Now, create content that gives the readers what they want. Take your time and create something of tremendous value. This is the crucial part right here: don’t just slap any old thing together and be done with it. Make something exceptional. Go above and beyond what anyone else is doing.

Now, publish your great content. The readers will see that you provide amazing content, and they will want more. When they come back, give them some more great content. Reward them for reading your content by giving more great content.

Whatever you do, please don’t get sucked into thinking that updating your blog is the most important thing. If you don’t have something insanely useful to post, chances are it’s not worth posting and will only hurt your blog in the long run.

I think at the end of the day, the quality of your content and the quality of your character determines your blog’s true value.

I’m looking forward to learning new ways to figure out what my reader’s want and how to give them what they want.

I’ve signed up for the free first module of the A-List Blogging Bootcamp’s “How to Write Like an A-List Blogger.”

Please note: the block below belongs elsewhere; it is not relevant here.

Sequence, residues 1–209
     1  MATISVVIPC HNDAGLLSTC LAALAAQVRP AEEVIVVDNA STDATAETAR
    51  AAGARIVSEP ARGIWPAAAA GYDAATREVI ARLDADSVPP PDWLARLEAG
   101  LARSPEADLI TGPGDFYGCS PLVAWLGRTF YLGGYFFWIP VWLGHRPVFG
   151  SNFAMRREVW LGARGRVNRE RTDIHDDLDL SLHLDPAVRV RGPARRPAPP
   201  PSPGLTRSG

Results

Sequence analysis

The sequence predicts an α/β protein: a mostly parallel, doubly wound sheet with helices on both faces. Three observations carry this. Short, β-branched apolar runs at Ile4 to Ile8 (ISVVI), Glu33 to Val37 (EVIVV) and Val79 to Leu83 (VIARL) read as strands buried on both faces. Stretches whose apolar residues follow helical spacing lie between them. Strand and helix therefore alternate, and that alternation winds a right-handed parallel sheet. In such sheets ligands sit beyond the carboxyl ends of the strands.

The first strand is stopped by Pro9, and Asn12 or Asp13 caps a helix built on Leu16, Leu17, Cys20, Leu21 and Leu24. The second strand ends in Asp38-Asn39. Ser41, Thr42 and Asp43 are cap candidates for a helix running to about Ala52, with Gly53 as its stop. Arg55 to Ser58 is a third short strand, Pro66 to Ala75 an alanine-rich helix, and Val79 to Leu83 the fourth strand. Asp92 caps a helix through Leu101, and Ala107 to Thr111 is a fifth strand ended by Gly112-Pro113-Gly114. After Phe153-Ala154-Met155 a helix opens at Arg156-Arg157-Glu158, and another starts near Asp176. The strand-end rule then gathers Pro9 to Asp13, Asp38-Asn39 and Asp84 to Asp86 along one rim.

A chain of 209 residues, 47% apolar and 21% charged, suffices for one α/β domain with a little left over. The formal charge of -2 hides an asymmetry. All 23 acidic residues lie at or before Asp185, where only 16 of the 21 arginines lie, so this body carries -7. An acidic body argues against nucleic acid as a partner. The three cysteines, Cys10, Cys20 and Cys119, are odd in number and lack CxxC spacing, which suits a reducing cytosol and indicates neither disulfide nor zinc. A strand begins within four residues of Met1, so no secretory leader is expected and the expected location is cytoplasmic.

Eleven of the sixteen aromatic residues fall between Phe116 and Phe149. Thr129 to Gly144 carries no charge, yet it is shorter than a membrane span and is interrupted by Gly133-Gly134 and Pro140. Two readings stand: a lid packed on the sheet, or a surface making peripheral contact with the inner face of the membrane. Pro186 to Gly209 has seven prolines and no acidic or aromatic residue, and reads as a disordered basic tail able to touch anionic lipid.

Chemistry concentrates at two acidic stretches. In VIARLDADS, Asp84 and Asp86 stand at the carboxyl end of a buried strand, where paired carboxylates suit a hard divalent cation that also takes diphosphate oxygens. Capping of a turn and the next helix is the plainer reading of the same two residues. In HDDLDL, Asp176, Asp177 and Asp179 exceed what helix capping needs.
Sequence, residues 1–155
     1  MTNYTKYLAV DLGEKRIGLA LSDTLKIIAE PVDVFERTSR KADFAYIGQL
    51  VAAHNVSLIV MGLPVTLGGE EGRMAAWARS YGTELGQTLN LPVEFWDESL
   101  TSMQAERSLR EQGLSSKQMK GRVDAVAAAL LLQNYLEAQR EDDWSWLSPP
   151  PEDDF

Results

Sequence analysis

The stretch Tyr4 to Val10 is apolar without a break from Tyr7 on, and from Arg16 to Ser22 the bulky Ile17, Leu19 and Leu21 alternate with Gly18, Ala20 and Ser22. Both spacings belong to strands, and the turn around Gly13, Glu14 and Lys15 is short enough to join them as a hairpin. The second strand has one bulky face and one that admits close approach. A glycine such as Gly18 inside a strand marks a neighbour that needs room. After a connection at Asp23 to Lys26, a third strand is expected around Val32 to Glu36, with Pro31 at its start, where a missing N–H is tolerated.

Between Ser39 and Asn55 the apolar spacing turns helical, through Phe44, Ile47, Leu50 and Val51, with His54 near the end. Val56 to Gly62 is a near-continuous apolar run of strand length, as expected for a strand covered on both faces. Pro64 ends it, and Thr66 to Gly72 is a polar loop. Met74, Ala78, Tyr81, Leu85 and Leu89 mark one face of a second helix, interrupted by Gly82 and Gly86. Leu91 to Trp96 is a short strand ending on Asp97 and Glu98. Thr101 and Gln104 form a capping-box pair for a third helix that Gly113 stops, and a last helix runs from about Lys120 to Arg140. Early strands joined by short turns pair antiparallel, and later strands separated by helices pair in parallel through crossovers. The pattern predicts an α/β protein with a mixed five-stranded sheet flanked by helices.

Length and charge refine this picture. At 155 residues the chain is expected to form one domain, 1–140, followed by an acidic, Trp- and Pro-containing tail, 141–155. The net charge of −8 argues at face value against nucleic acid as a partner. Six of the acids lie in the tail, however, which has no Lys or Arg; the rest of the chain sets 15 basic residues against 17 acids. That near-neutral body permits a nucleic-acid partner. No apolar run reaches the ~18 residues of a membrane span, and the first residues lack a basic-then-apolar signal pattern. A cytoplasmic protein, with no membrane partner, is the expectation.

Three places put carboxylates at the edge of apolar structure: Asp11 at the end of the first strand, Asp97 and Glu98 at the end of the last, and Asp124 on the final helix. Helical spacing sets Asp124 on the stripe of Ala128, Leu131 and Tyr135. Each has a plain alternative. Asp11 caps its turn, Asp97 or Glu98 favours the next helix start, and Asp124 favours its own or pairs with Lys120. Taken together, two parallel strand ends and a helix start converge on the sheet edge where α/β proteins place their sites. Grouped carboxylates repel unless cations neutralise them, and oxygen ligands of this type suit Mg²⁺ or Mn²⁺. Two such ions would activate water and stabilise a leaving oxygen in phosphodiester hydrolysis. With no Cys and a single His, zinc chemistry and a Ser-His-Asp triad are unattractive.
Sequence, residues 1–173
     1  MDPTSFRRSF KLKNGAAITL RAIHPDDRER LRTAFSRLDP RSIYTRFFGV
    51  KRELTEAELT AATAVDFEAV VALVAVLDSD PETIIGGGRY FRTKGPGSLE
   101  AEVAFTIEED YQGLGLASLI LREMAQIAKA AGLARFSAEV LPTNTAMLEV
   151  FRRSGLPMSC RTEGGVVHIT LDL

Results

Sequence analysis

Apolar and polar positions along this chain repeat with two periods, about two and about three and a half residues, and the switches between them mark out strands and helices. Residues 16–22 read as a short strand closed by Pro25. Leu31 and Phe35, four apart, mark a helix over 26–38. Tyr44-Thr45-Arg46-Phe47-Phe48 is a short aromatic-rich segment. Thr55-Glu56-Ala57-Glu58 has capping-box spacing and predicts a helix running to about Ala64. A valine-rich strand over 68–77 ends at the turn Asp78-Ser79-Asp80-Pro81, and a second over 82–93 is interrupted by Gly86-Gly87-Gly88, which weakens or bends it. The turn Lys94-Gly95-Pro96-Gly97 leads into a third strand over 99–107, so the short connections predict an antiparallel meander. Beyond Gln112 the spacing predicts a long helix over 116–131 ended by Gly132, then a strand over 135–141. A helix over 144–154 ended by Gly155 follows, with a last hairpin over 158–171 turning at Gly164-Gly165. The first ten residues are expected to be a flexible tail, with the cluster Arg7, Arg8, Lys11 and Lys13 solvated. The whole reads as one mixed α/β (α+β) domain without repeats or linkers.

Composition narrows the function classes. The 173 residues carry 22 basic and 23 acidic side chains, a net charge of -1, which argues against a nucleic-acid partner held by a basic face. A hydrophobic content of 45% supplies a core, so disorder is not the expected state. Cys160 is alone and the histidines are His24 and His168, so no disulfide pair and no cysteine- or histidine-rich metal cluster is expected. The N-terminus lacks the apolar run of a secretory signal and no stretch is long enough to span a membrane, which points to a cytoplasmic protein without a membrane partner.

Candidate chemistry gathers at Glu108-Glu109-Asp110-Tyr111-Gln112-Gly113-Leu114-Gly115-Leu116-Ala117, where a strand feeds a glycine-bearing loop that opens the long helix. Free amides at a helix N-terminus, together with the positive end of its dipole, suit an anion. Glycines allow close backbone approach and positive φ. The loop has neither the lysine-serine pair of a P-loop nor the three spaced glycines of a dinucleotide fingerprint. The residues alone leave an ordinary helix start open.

Hopefully Mary and Leo can teach me some of their secrets. :)

Jered Slusher is the founder of Mass Influence Leadership, a community of leaders driven to gain control over their future, make friends, and achieve massive amounts of success. Get your free “Stocking Your Leadership Super-Powers” e-book at Free Mass Influence Leadership Book.

38 Responses to Why People Should Stop Updating Their Blogs

  1. Alysa @ InspiredRD.com November 8, 2010 at 2:37 pm #

    This definitely needs to be said! I feel pressure sometimes to post something when I have nothing, then I remember that my favorite blogs don’t post every day. In fact, they only post a few times a week, so I really look forward to seeing a new post, I can’t wait to read it. Thanks for the reminder.
    Alysa @ InspiredRD.com recently posted..This Weeks Bounty

  2. guest November 8, 2010 at 3:47 pm #

    Hey Alysa,

    Thanks for your comment.

    I think you’re right about bloggers that only post a few times a week. When the content is solid, I think a few times a week can be the right amount.

    I find it interesting that many top bloggers that write the best content don’t post daily. Rather, they work on creating something special so that when you see an update, it means so much more.